Malta and EU member States demand changes to the proposal on adequate minimum wages in the EU

Last Updated on Friday, 29 January, 2021 at 8:41 pm by Andre Camilleri

Together with a number of other European members states, the Maltese Government signed a letter in order to turn the proposal by the European Commission for the Directive on adequate minimum wages into a recommendation. These member states including Malta believe that the Directive as proposed does not take into account the different realities of member states.

While taking part in a multilateral videoconference with the Ministers of Employment of the signatory countries of this letter,  Minister within the Office of the Prime Minister Carmelo Abela reaffirmed that while Malta supports the objective behind the Directive of every worker’s right to a decent living, Malta believes in a national policy for setting the minimum wage that takes into account the national characteristics of each country.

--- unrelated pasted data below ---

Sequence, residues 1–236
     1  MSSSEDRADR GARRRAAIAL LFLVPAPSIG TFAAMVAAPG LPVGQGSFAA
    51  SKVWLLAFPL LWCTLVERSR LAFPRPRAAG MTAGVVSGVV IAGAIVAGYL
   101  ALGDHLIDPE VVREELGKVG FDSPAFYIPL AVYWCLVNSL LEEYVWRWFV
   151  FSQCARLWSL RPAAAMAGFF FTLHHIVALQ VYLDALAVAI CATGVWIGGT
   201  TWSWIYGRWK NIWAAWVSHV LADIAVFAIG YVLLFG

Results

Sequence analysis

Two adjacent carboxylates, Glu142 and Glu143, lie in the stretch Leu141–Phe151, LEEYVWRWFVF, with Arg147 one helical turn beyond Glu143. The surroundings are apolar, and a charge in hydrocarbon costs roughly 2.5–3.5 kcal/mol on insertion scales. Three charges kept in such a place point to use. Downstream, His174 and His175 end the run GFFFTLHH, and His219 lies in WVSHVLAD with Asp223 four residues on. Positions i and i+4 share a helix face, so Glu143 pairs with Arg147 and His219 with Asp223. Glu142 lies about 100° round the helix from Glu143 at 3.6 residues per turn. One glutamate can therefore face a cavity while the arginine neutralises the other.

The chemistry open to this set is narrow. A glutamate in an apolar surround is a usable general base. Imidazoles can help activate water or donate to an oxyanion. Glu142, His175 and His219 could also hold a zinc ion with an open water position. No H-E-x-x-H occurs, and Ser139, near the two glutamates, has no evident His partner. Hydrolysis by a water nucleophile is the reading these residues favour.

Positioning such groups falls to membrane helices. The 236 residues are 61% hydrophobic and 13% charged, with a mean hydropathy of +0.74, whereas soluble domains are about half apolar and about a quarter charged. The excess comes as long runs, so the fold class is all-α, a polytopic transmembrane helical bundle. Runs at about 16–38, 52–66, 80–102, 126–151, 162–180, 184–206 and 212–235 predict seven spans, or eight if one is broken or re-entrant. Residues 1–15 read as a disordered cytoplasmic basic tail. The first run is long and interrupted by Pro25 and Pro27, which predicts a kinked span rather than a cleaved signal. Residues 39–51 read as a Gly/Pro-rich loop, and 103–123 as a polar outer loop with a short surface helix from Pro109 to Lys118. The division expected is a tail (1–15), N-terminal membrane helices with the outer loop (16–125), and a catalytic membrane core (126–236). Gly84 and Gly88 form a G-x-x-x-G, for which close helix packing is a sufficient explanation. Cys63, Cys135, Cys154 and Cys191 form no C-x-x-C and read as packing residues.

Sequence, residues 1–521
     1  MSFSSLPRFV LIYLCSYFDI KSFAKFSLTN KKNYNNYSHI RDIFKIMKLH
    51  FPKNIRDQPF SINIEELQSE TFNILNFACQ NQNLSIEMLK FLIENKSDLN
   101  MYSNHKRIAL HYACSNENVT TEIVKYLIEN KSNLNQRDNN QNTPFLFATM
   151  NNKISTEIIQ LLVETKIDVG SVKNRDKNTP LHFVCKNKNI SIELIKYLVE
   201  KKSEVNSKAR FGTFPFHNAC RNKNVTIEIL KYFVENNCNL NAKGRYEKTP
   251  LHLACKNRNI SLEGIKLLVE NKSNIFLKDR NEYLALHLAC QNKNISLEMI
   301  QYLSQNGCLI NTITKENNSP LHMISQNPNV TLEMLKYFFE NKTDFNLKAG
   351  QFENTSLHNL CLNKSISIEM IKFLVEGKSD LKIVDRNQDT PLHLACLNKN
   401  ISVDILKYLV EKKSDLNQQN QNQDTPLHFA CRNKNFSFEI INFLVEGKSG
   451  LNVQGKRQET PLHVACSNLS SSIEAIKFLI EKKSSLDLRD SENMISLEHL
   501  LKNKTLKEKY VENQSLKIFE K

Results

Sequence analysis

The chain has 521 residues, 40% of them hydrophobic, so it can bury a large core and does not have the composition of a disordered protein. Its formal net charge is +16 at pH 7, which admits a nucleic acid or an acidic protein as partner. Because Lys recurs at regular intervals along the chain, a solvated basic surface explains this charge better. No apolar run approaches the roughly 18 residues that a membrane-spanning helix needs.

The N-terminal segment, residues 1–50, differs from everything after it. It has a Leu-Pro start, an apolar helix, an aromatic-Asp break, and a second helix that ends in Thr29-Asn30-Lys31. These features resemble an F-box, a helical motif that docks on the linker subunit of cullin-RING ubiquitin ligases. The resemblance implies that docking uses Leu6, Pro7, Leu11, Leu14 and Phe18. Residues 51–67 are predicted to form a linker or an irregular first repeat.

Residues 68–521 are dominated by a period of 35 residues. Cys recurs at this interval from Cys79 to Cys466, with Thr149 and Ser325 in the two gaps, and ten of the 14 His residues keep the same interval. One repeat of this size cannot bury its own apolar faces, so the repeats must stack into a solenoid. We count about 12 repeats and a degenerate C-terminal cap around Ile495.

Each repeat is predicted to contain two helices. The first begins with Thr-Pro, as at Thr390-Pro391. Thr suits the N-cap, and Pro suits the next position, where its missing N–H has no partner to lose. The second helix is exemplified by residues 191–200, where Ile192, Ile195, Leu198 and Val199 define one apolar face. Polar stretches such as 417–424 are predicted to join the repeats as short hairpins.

In his intervention, Minister Abela expressed his concern on the legal basis of the Directive and also spoke about how parts of the Directive could suppress the principle of subsidiarity and leave no room for flexibility. For this reason, Malta is supporting the request for a legal opinion on the Directive and also agrees that it should be concluded before talks on the proposal itself begin.

“Malta remains committed to participate in discussions in order to achieve a fair balance alongside all stakeholders and so that this Directive allows member states a certain flexibility to determine the best solutions in line with the national reality,” concluded Minister Carmelo Abela.

Sweden, Denmark, Austria, the Netherlands, Ireland, Poland, Hungary and Estonia are signatories to this letter together with Malta. The letter will be forwarded to the Portuguese Presidency of the Council of the European Union as well as the former German Presidency.

- Advertisement -